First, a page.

Go back to how it all started. Who decided to put up a play about the court of Louis XIV? What led to the greenlighting of this project? Who were the decision-makers? Who chose the director? How was it cast? Who was allowed to audition? Was diversity an intrinsic part of the process, at every juncture? Was it a clearly stated goal that everyone heard and understood?

illustration that says Diversity for Dummies

Many theatres think of themselves as diverse, and consider diversity a given in everything they do. That’s not always true. As an artistic director of color, for a theatre company dedicated to Asian American artists, I still have to step back and consider my own areas of improvement. Have I fostered an environment of inclusion? For example, what did we do to make sure we reached out to the disabled and transgender communities? What kinds of faces and bodies are represented on stage? Do they have agency in telling their stories?

The answers will not always be ideal. There will be mistakes, and outright failures. What you do with those missteps, how you bring all the stakeholders in the room to address the challenges is what keeps diversity beating at the heart of your organization. Diversity is about and made up of people. It lives and breathes.

Diversity is Not Just an Ideal—It’s Also About Real People and Their Feelings

One of the most ignored aspects of diversity in the workplace is the psychological and emotional churn that comes with change, especially when it involves recalibrating the power levers.

Let’s be clear. Diversity is not only about bringing in people of varying ethnicities, genders, or physical abilities. It’s about putting them in positions of power. And because we’re dealing with people, there are likely plenty of feelings involved. Allowing emotions to fester, unaddressed, leads to plenty of resentments and dysfunction.

It’s not enough to require your employees to attend a day-long seminar on bias identification. You have to make it part of your daily work life. Talk about it. That’s easier said than done. Ask yourself about what scares people when talking about diversity? Some worry that feelings will get hurt, or they want to avoid trouble so shutting up is the best course. You’ll get different answers. What’s important is making space for every individual to feel valued, and heard.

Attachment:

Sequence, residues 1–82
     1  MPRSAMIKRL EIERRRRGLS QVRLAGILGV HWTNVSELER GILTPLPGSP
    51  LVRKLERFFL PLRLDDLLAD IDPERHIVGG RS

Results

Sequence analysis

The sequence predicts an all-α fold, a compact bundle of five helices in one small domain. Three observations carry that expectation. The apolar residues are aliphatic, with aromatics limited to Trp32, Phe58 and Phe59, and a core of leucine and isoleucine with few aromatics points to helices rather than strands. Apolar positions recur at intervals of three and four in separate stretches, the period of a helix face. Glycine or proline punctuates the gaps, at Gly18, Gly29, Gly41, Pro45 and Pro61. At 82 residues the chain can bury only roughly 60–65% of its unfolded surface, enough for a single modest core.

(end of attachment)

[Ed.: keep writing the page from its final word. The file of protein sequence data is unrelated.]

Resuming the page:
Studies suggest that pitching diversity as a “must-do, or-else” directive makes people defensive. No one wants to be told they are biased, so avoid negative messaging around diversity practice. Instead, invite people to participate. When they show up, it’s because they’re personally invested in the process, and they chose to part of it.

Diversity is not only about bringing in people of varying ethnicities, genders, or physical abilities. It’s about putting them in positions of power.

Break the Habit

How’s this for a mission statement? “We aim to provide a welcoming, non-confrontational place where audiences can relax and enjoy worlds that do not differ from their own.”

I don't know about you, but this is not how I want to experience art. In fact, there are probably zero theatres that have this for a mission statement. And yet, many practice this type of “safe” programming, unwilling to disturb the status quo, reluctant to alienate a steady subscriber base, or, unable to conceive of the court of Louis VI peopled by actors of color.

“But there are times when casting for diversity’s sake can be a liability.”

I don't mean to pull a “gotcha,” moment, but if you agreed with my previous statement, then we need to talk. The court of Louis XIV can be diverse; it can have Asian, Latinx, and Native American actors in it. It’s theatre, and using the “authenticity” excuse to cast only white actors is a form of bias. That’s right, for the most part, authenticity is code for bias. It’s used to exclude people that don’t belong…and in most cases, it’s used against artists of color.

I can already hear a voice saying, “If authenticity is not a thing, then white actors should be able to do August Wilson plays.”

Go directly to jail. Do not pass Go.